How the world of pop art inspired Newcastle’s biggest ever outdoor music festival

An expected crowd of 30,000 music revellers will descend on Newcastle’s Exhibition Park this late May Bank Holiday weekend in what will be the North East’s largest outdoor music event – the first ever to be hosted on the historical municipal ground.

This is Tomorrow festival will feature rock legends such as Noel Gallagher, Stereophonics and cutting-edge newbies such Scotland’s chart-topper Lewis Capaldi and its organisers have today confirmed that it will officially name one of its stages The Richard Hamilton Stage in honour of the man, and the artist, who first inspired its inception.

And, in a further bid to embrace its strong emphasis on binding experimental art with boundary-pushing live music, the UK’s brightest alternative artist, Carl Cashman, has been specially commissioned to produce live art while people enjoy arguably the most diverse and ambitious live music line-up Tyneside has ever seen.

Speaking about the inspiration behind This is Tomorrow and today’s announcements, Festival Organiser, Steve Davis, said: “The story behind the meaning and name of the event opens up the fascinating story of the father of pop art, Richard Hamilton, and some of our city’s proud musical heritage.

“Richard Hamilton was an English Painter and collage artist from London who ended up teaching at Newcastle University. He was responsible for designing the artwork on The Beatles famous White Album, helping to name and influence Newcastle’s Roxy Music and most of all widely recognised as the godfather of an artist movement that would go on to inspire millions, including a little known 20th-century icon called Andy Warhol.

“We want the world of music and art to explode at this festival in May, and the legacy of Richard Hamilton will provide a fitting backdrop to what we know is going to be special three days of live audiovisual entertainment.”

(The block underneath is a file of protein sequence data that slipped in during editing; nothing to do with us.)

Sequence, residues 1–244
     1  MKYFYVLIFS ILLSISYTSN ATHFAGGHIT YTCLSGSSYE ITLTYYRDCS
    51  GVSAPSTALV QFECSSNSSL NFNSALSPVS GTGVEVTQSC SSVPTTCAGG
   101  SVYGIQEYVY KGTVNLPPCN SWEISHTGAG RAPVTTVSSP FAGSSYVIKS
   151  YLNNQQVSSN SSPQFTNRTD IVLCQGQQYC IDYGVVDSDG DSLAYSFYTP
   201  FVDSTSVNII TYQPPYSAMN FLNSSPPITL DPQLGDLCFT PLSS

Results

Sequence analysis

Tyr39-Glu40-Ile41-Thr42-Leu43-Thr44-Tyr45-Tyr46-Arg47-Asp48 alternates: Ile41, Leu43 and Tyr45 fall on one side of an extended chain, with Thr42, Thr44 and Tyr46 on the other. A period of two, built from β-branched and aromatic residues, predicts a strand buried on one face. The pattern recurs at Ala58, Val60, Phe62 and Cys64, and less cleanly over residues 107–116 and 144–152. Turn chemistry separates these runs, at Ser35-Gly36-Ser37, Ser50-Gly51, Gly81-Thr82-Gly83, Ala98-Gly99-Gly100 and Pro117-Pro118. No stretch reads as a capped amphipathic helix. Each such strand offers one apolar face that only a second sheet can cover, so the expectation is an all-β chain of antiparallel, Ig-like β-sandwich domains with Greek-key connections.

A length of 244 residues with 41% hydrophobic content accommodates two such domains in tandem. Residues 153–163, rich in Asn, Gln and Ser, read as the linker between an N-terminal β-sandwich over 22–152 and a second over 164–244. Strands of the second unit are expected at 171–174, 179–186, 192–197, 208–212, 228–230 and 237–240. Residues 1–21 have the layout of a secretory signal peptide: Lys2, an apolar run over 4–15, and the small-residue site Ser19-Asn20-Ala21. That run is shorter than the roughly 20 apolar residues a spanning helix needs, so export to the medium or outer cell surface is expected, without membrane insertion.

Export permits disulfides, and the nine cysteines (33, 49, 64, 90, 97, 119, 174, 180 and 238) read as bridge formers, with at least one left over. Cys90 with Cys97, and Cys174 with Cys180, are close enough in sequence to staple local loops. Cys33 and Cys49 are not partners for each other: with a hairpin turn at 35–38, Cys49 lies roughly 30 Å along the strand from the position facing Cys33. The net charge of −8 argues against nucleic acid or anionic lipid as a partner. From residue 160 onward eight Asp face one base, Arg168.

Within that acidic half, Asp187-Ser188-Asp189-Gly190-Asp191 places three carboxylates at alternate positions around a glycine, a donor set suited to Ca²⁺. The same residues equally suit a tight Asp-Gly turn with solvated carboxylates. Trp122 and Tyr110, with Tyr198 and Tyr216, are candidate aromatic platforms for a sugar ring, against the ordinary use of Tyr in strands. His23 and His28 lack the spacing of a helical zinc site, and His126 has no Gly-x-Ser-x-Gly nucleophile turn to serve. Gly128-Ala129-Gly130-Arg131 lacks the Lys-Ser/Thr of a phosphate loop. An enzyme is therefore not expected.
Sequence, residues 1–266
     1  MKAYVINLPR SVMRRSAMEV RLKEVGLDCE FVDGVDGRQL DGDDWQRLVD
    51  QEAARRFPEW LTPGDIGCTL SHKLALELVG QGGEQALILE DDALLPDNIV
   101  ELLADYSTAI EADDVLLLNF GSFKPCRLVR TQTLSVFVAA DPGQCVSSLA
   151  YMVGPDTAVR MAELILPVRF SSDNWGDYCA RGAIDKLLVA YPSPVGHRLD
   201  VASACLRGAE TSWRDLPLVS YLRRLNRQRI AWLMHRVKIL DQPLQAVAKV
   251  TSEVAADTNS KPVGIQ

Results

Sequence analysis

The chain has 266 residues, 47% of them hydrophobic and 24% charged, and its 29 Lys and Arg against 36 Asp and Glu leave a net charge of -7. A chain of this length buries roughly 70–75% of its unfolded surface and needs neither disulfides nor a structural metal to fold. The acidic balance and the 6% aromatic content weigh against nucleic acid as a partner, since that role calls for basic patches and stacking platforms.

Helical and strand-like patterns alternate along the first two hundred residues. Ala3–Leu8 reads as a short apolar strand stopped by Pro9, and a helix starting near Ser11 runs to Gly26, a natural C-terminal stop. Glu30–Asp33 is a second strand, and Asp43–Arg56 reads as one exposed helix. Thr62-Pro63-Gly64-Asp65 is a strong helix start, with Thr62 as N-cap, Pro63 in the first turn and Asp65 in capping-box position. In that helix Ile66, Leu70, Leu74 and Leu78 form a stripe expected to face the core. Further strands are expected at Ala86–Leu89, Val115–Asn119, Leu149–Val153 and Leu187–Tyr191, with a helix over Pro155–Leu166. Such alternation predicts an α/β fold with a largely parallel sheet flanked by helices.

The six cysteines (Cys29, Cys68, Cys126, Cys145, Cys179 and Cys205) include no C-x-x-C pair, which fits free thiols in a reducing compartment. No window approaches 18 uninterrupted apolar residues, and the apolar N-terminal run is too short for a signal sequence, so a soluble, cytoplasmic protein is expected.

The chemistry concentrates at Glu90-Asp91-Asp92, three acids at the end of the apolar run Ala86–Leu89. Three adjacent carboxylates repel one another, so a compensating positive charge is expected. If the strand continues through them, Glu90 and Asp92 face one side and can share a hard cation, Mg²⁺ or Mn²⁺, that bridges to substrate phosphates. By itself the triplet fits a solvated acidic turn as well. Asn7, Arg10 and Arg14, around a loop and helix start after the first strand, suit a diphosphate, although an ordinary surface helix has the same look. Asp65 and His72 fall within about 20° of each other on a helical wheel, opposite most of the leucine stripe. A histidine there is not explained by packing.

Richard Hamilton’s talent began to gain recognition at the infamous ‘This is Tomorrow’ exhibition at London’s Whitechapel Art Gallery 1956, where his image “Just what is it that makes today’s homes so different, so appealing?” was displayed, a piece of art that is widely regarded as the worlds first ever piece of pop art.

Hamilton’s influence can be found in the visual styling and approach of Roxy Music and he described its frontman, Washington’s most famous musical son, Bryan Ferry as “his greatest creation”.

Ferry repaid the compliment, naming Hamilton in 2010 as the living person he most admired, saying “he greatly influenced my ways of seeing art and the world”.

To celebrate the art and life of Richard Hamilton its organisers have pledged a strong pop art theme will be ever-present in the event’s artwork and throughout the site when the festival kicks off in earnest on Friday 24th May.

There will also be live art installations taking place across the weekend with Steve Davis also confirming today that Carl Cashman will be producing Hamilton inspired art while people enjoy the live entertainment.

He adds: “Carl Cashman is an amazing contemporary artist based in Devon, who creates stunning, vibrant geometric-based optical art. Some of Carl’s work is painted using UV reactive paint, which adds a further visual element to the pieces when seen in the right environment and is very much in line with our atmosphere of experimentation and the avant-garde.

“After the festival, we plan to display the art throughout the Ouseburn Valley, and other prominent spots throughout the city. We want, in our way, to create a new legacy of art and music in the region and we’re very close to making our dream for this event a reality.”

For more information about This is Tomorrow Festival in Newcastle and to buy tickets visit